You should go through this tutorial if you want to configure a SCION end host, i.e. a SCION enabled host that does not run any infrastructure services or routers. Before proceeding you should already have SCION AS services available in your network.
In this tutorial we will cover the steps necessary to configure a SCION end host in a SCIONLab AS.
A SCION end host is a machine running SCION applications in a SCION AS, i.e. it is not a router and does not run any infrastructure services for the AS. An end host will communicate with the control service of the AS to get paths and certificate information. For communication to hosts in different ASes, traffic will be sent to the SCION border routers of the AS. The end host knows the addresses for these services from a configuration file (
The software stack for a SCION end host application consists of the
dispatcher, responsible for managing sockets and encapsulating/decapsulating SCION packets for IP/UDP overlay, and the SCION-daemon
sciond, which is responsible for fetching, verifying and caching paths and certificate information from the AS services.
Compared to the perhaps more familiar software stack for IP, we can see some rough analogues:
dispatcher: corresponds to the kernels IP and UDP stacks; it dispatches incoming packets based on address/port to the correct application socket, and it handles SCMP messages e.g, by replying to echo requests.
sciond: similar to a local caching DNS resolver daemon (like e.g. dnsmasq, unbound), except it’s for paths and certificates, not for names
The software stack for a SCION end host consists of the
dispatcher and the
sciond, contained in the
On Debian-based OS run the following snippet to add the package repository:
sudo apt-get install apt-transport-https ca-certificates echo "deb [trusted=yes] https://packages.netsec.inf.ethz.ch/debian all main" | sudo tee /etc/apt/sources.list.d/scionlab.list sudo apt-get update
and then install the packages using:
sudo apt-get install scion-daemon scion-dispatcher
Of course you can also use the other available installation options. When running the VM installation, the steps will be virtually identical with the only difference that they need to be performed in the respective VMs. When running SCION built from sources, the directory paths will be different (configuration in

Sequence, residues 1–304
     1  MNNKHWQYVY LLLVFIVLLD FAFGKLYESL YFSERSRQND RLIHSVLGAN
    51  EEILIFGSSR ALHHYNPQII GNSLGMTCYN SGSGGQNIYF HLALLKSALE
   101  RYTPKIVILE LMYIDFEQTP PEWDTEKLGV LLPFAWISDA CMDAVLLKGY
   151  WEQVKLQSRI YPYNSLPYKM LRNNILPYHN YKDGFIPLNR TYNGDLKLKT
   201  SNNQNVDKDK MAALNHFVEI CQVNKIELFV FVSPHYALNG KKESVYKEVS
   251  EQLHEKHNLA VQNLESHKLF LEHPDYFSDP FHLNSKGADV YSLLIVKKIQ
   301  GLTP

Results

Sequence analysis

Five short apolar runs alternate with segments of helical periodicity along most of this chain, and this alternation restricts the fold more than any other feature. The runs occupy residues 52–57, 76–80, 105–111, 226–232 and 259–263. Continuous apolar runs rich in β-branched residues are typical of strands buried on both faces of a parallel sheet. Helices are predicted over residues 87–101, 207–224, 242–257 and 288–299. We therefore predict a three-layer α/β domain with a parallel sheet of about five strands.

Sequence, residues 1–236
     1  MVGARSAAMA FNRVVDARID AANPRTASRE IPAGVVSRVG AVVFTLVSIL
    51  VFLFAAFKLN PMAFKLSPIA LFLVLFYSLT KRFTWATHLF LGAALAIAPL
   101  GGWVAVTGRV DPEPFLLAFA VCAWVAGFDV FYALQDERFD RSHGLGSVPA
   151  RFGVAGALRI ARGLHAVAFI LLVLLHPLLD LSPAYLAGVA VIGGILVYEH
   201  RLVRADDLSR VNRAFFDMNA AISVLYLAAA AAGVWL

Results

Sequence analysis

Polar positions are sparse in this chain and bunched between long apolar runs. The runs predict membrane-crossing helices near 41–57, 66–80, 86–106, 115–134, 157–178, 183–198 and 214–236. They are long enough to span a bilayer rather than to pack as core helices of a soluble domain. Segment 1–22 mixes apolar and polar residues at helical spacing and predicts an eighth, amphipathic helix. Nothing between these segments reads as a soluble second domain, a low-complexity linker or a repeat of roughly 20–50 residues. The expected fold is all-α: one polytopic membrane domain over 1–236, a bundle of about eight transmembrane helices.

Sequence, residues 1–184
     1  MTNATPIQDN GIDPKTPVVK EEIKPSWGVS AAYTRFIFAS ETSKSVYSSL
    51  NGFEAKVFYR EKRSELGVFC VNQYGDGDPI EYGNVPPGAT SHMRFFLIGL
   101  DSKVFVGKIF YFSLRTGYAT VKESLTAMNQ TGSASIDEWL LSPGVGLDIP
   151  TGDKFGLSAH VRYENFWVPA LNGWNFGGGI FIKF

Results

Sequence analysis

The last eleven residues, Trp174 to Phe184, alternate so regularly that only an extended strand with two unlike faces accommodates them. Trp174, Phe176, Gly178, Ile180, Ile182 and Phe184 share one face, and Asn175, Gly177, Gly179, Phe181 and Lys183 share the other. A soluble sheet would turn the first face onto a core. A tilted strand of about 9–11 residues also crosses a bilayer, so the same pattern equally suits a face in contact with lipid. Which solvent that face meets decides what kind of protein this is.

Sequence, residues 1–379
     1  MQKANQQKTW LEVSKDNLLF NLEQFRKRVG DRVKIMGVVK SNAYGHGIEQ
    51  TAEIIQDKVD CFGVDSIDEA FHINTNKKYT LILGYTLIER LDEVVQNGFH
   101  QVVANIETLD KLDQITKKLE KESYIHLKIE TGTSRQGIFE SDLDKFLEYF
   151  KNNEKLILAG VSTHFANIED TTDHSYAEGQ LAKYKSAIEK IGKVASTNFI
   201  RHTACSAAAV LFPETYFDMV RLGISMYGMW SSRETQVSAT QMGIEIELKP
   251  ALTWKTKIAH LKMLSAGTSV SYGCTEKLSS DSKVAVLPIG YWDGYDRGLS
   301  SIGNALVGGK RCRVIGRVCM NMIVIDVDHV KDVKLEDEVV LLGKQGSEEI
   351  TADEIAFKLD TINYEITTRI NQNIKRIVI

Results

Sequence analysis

gen/AS... directory of the scion git worktree instead of
/etc/scion) and the
systemctl commands would be replaced with the
The configuration downloaded from SCIONLab configures all SCION services to listen only on the localhost address by default. To run an end host on a different host, the services need to bind on an IP that is accessible from the end host.
Edit the file
/etc/scion/topology.json on the host running the AS services, In this configuration file, we change the occurrences of IP
127.0.0.1 to the hosts IP.
export NODE_IP=example sed -i "s/127\.0\.0\.1/$NODE_IP/" /etc/scion/topology.json
Restart your AS services by running
sudo systemctl restart scionlab.target
To create the configuration for the end host, we copy the relevant parts of the configuration (modified in the previous step) from the node’s
/etc/scion/ directory: we’ll need the
topology.json file and the
The following example snippet uses
scp to copy these files to the target machine:
cd /etc/scion/ scp -r topology.json certs/ <target-hostname>:/etc/scion/
Finally we can start the
systemctl enable --now scion-dispatcher.service systemctl enable --now scion-daemon.service
Test that your connection is working, e.g. by using
scion ping (as described in checking AS configuration) and start using the applications.